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Occam's razor (also known as lex parsimoniae), an often cited principle of parsimony, economy, or succinctness used in problem-solving. It has also been expressed as the KISS principle or "Keep it simple stupid!".
It states that among competing hypotheses, the one with the fewest assumptions should be selected. Although other, more complicated solutions may ultimately prove correct, in the absence of certainty the fewer assumptions made, the better. By extension, it is often more sensible to consider any patient's clinical presentation as the result of a single condition rather than multiple concurrent diagnoses.
But, it is also important to not overlook Hickam's dictum, i.e. "patients can have as many diseases as they darn well please"; this is especially germane in the modern healthcare setting in which multimorbidity is the rule rather than the exception.
References 3 and 4 below nicely illustrate the tensions between Hickam's dictum and Occam's razor in modern medicine 3,4.
Who does not remember university, where loads of students were (and constantly are) told "When you hear hoofbeats, look for horses, not zebras," which means look for the simplest, most common explanation first.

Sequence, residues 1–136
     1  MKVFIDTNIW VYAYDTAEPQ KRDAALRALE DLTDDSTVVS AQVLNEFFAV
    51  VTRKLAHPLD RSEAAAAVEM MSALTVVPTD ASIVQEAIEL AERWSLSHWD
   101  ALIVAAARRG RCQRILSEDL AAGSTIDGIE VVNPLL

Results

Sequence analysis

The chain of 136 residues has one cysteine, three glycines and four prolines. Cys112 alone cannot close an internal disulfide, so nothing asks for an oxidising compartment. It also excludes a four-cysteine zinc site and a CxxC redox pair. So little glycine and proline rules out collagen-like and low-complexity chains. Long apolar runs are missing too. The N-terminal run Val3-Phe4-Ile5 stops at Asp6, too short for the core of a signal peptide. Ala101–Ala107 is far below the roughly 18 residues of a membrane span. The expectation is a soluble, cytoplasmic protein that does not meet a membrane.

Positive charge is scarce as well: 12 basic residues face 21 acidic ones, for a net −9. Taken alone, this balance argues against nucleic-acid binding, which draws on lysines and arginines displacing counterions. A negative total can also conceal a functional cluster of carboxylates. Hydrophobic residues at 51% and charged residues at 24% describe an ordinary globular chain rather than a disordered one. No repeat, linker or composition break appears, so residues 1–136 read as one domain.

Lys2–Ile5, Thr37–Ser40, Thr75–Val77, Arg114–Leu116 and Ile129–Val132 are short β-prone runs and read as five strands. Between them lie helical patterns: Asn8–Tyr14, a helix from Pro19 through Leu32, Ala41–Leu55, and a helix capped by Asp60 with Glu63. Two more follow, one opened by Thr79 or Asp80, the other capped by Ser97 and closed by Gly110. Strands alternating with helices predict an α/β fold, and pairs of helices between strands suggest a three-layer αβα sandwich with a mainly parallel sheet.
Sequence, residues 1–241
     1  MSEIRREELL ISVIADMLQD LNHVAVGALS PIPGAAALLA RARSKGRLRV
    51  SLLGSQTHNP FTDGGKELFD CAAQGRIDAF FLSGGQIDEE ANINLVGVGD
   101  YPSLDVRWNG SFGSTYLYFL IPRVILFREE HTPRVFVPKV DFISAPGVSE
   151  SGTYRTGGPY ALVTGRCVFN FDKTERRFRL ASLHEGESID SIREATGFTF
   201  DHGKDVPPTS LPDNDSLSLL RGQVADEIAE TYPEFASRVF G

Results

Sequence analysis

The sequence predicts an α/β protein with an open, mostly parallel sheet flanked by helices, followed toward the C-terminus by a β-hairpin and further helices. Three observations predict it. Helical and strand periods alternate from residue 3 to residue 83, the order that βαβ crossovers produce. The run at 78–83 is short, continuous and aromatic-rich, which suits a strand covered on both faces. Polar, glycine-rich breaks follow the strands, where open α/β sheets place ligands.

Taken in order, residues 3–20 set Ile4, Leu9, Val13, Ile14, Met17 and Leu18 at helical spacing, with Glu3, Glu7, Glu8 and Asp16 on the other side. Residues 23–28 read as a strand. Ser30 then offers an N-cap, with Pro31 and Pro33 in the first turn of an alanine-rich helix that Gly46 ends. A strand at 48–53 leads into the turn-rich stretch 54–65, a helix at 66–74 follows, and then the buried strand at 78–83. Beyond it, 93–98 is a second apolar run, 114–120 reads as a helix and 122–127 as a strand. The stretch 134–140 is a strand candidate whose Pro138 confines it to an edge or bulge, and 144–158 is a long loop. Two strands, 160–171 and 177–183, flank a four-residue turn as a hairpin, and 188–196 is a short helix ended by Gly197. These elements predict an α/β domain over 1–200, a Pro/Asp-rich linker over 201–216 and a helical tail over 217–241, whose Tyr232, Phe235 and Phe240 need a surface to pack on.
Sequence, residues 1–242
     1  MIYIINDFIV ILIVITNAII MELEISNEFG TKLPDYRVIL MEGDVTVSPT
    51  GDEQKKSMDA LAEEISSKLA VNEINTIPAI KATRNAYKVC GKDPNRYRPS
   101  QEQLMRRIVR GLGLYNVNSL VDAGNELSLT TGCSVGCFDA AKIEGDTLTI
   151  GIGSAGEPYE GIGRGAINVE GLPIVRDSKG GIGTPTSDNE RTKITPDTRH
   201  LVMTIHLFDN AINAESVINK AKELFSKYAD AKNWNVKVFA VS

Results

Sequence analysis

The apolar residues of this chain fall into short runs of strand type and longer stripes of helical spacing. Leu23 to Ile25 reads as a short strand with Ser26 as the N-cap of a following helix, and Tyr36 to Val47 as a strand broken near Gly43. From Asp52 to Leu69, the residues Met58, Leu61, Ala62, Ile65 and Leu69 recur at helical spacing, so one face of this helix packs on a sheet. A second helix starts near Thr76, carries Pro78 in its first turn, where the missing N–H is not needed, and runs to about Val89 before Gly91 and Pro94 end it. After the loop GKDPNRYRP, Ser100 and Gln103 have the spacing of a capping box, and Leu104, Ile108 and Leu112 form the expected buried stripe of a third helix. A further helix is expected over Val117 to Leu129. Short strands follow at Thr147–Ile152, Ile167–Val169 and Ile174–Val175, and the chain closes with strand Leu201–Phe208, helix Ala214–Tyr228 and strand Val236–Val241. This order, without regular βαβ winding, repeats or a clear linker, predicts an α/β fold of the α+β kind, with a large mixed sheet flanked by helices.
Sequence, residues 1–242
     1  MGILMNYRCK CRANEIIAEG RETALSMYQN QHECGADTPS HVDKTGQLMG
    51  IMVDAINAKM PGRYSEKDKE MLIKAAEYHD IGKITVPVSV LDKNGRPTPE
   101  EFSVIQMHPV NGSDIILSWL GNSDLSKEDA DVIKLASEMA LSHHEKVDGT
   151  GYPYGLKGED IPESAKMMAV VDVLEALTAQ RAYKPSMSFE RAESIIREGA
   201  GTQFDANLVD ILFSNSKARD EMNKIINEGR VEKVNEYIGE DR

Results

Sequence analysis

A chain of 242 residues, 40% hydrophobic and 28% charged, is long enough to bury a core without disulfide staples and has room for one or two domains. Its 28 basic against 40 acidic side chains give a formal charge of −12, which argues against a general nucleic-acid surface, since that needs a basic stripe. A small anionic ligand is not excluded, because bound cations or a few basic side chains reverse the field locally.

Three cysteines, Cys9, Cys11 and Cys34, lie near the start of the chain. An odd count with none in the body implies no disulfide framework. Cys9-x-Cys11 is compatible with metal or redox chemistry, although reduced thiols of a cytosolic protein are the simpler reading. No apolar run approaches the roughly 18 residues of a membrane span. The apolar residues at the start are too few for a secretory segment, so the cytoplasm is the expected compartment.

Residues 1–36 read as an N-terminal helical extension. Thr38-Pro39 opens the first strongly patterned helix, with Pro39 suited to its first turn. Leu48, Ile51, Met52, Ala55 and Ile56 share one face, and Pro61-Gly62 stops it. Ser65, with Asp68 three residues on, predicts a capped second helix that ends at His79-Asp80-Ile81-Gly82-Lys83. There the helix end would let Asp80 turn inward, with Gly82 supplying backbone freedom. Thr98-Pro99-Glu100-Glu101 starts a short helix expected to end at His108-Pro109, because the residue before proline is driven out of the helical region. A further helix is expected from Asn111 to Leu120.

A more useful approach may be to think of the probability of the diagnosis in general, with decreasing probability down the list:
- typical manifestation of a common disorder
- atypical manifestation of a common disorder
- typical manifestation of a rare disorder
- atypical manifestation of a rare disorder
Often, suggesting rare diseases will rarely prove right.
History and etymology
William of Occam (1285-1348) was a member of the Franciscan order of friars, who hailed from the village of Occam (or Ockham) in the county of Surrey in England. He is remembered as an important philosopher of the medieval period. The fundamental belief that the simplest explanations should be sought for phenomena harks from the Classical Greek period, but William of Occam brought it to the attention of many more through his writings. This was expressed by him in Latin as "entia non sunt multiplicanda praeter necessitate" or "entities must not be multiplied beyond necessity". It is important to note that he was not thinking about the diagnostic method in medicine when he wrote his razor.
The use of the word razor in this context sounds odd to the modern ear, but it is used in philosophy to describe an underlying proposition that permits the 'shaving off' of superfluous explanations!
'Lex parsimoniae' is the Latin for law of parsimony.